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Tips to ace the self-study routine in TOEFL speaking section

Posted on September 3, 2020
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TOEFL Coaching

Self-study for the TOEFL speaking section can be quite challenging because this section does contain no answer for right or wrong answers. Besides this, there is no score or feedback given for performance in this section. How do you get over these hurdles and prepare efficiently for this section? Here are some tips to help you.

In the speaking section of the TOEFL iBT (computer-based) version you will have to listen to and read prompts, and then respond to a headset. The TOEFL iBT consists of four tasks which have a duration of over 17 minutes. The tasks are:

Tasks 1: Independent Task

  • This task does not include any additional material to listen to or read other than the topic.
  • This task will ask you to describe your preference between two opinions or situations.
  • You are given 15 seconds of preparation and 45 seconds of speaking time.

Tasks 2-4: Integrated Tasks

Task 2:

  • You will read a brief passage on a campus-related topic, listen to a speaker addressing the issue, and then summarize the opinion of the speaker on the issue from the passage.
  • You’ll have to prepare for 30 seconds, and talk for 60 seconds.

Task 3:

  • You will read a short paragraph on an academic term, then listen to a speaker to provide additional details or examples of the word.
  • You would then clarify how the examples or supplementary details from the speaker illustrate the term from the reading.
  • You’ll have to prepare for 30 seconds, and talk for 60 seconds.

Task 4:

  • You will listen to, and then summarize, part of an academic lecture.
  • You’ll have to prepare for 20 seconds, and speak for 60 seconds.

Mistakes you can make when practicing for the speaking section

A lot of students will look at one speaking task and then take 30 minutes to compose a perfect response with a translator’s help. Using extra time, using technology, and writing instead of speaking would do you no good since these are not the actual test conditions. You must practice speaking out loud under test time limits.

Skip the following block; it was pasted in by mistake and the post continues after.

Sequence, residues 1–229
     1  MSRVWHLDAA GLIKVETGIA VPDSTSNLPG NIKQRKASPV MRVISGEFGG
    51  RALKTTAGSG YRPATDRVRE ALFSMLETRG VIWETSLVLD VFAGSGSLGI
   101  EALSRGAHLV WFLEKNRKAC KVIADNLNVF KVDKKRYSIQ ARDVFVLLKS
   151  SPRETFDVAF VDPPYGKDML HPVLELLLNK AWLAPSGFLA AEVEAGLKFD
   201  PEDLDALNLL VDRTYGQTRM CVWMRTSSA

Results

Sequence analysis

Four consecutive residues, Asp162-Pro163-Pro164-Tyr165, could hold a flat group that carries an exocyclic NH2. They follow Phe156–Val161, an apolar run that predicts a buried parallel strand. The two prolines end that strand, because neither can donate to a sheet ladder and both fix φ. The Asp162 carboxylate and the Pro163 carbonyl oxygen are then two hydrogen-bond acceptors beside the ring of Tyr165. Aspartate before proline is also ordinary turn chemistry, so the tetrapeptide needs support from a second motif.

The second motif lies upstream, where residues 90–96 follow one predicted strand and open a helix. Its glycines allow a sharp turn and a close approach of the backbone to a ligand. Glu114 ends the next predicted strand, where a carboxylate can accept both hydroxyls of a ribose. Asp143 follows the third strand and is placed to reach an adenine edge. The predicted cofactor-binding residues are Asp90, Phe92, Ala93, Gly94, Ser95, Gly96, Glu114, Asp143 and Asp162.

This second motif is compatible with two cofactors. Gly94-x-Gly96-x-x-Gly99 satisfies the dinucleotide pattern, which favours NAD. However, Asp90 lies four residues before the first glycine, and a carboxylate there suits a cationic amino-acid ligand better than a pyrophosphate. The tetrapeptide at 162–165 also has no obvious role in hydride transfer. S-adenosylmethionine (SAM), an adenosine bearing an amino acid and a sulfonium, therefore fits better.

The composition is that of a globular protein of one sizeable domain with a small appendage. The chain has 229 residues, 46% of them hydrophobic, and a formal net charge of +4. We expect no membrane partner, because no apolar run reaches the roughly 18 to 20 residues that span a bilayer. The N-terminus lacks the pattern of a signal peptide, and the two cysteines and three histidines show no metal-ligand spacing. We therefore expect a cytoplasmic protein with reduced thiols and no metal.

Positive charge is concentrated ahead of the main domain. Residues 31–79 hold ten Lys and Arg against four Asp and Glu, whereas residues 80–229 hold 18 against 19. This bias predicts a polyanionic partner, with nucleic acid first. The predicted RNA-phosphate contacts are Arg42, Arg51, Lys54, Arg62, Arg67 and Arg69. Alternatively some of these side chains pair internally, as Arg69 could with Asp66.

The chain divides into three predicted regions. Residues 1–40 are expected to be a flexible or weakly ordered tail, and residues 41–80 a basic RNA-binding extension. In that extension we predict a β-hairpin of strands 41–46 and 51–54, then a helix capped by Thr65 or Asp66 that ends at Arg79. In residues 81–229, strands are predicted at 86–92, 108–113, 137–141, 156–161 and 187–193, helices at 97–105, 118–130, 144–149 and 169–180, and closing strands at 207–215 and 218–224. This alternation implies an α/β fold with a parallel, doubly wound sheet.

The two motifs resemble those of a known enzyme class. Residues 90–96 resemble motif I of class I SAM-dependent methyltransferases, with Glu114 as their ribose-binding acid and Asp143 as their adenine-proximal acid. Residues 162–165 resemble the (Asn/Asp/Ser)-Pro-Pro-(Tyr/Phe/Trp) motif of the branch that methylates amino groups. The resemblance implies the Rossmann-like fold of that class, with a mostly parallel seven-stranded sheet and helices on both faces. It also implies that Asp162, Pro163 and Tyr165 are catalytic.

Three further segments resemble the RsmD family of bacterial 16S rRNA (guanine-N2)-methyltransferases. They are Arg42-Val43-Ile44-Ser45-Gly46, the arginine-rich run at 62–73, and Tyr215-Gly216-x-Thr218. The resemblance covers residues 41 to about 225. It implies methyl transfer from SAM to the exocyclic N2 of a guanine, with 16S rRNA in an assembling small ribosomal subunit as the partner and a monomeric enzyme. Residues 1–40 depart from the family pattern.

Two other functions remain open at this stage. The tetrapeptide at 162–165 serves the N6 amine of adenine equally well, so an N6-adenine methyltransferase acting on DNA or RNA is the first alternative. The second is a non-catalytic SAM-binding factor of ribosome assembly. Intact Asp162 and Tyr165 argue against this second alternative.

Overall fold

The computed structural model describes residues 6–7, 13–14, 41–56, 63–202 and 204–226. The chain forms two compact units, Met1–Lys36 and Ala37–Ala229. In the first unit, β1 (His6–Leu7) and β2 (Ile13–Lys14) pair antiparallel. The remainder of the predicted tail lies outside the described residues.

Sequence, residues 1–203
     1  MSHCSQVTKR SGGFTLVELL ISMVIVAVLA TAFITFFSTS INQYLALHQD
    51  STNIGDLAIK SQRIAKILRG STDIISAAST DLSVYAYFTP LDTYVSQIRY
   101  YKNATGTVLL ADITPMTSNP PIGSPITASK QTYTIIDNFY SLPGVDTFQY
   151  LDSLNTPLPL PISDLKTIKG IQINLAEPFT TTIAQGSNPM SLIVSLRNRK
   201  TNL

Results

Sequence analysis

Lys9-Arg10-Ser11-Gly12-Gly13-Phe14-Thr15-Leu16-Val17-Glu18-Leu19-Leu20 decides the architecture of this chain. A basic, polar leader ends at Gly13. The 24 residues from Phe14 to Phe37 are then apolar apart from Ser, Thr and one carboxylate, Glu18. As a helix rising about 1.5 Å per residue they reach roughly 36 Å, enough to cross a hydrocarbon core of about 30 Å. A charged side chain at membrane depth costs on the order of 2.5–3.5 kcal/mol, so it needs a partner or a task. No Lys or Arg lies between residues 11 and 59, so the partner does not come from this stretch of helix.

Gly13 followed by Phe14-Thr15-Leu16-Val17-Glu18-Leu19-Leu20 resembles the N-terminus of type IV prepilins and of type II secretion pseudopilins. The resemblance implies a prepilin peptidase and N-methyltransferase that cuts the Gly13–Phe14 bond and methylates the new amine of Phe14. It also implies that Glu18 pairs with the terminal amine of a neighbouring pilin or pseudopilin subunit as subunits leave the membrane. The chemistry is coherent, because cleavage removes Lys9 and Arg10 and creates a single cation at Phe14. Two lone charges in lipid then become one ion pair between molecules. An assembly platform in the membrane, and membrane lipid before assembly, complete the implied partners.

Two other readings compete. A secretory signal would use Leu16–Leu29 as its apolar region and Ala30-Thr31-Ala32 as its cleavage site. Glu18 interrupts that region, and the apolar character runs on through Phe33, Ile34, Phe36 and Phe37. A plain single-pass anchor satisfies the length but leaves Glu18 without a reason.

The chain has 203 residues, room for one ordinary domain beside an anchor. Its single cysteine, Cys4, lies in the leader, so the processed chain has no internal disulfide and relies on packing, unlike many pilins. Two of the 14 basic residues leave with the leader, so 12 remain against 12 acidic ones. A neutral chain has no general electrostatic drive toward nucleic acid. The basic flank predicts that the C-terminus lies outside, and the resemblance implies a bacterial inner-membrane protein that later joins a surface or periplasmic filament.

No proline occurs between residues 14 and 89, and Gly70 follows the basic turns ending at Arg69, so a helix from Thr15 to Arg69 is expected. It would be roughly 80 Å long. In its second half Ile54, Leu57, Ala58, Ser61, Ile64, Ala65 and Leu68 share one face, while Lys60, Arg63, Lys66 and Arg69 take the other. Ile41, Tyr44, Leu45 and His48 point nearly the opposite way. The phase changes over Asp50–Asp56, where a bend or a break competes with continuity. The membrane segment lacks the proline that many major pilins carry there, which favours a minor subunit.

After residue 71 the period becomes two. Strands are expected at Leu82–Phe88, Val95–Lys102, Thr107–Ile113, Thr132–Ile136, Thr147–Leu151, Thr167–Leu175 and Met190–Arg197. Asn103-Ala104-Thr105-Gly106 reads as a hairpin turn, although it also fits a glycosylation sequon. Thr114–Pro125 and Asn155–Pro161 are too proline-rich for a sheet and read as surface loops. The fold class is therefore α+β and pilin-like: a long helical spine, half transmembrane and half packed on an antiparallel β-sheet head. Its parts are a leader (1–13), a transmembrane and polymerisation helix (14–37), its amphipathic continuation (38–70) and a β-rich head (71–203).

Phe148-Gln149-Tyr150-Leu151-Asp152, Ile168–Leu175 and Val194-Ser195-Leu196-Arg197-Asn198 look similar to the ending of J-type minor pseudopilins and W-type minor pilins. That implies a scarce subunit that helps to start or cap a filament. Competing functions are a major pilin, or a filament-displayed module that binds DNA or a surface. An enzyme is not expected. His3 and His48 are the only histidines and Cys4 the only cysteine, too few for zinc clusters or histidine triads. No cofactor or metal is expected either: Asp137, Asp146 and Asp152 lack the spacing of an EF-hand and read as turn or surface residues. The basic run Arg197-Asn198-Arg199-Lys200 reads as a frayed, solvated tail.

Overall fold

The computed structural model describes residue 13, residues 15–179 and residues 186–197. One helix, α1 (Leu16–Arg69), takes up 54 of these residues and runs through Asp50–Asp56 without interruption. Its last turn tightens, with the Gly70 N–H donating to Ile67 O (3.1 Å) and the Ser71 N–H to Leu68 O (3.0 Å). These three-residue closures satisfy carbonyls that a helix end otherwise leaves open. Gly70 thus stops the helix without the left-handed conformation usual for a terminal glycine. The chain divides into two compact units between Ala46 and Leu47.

Record with a headset unit, because that’s what you’re going to use on the exam. Go through all four tasks rather than one-by-one so you’ll get used to questions progressing. Don’t memorize “standard” responses because test reviewers can easily tell when they’re being used and lower your score.

Complete your speaking practice by reviewing your recorded audio, as well as having others listen. Think about the following as you listen:

  • Topic Development: This is your ability to follow instructions and answer the prompt for each task. Someone with a high score would be able to talk about the prompts naturally and give full answers. Someone with a low score will not respond to the prompts, will use a memorized response and/or their speaking time will be filled with long pauses.
  • Language use – Vocabulary: This is based on the ability to use a wide variety of theme-related and prompt phrases. Creating vocabulary lists that answer TOEFL speaking prompts is the best way to improve your vocabulary.
  • Language use – Grammar: Grammar is about precision and range. If there are so many mistakes in your grammar that the listener can’t understand you, your score goes down. But even though your grammar is perfect, if you just use very brief, basic sentences, you can still get a low score.
  • Delivery: This is about pronunciation, rhythm and intonation. Students neglect the delivery and concentrate instead on memorizing vocabulary. It doesn’t matter how many English words you know by heart: it’s wasted vocabulary if you’re saying them in a way the listener cannot understand.

With Y-Axis Coaching, you can take up online coaching for GRE, TOEFL, IELTS, GMAT, SAT and PTE. Learn anywhere, anytime!

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